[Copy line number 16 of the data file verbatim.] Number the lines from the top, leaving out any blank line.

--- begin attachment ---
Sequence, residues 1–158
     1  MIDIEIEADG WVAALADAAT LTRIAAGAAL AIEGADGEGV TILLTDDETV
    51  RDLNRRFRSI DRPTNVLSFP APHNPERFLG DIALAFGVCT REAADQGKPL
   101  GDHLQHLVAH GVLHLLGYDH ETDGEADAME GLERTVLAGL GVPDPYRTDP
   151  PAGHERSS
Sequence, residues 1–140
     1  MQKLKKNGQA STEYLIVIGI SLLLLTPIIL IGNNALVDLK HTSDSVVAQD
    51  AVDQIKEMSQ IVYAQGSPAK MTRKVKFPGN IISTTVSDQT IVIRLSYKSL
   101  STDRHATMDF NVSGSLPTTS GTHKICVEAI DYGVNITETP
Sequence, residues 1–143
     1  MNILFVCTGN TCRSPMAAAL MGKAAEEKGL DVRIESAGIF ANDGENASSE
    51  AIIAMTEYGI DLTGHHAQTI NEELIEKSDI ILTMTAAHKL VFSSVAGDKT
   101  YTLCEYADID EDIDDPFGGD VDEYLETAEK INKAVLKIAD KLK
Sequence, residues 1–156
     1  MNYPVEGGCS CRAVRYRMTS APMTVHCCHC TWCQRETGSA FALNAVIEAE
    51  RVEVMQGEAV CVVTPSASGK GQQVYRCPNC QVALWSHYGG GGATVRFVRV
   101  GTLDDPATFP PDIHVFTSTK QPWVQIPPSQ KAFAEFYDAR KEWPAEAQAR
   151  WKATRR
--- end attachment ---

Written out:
    51  RVEVMQGEAV CVVTPSASGK GQQVYRCPNC QVALWSHYGG GGATVRFVRV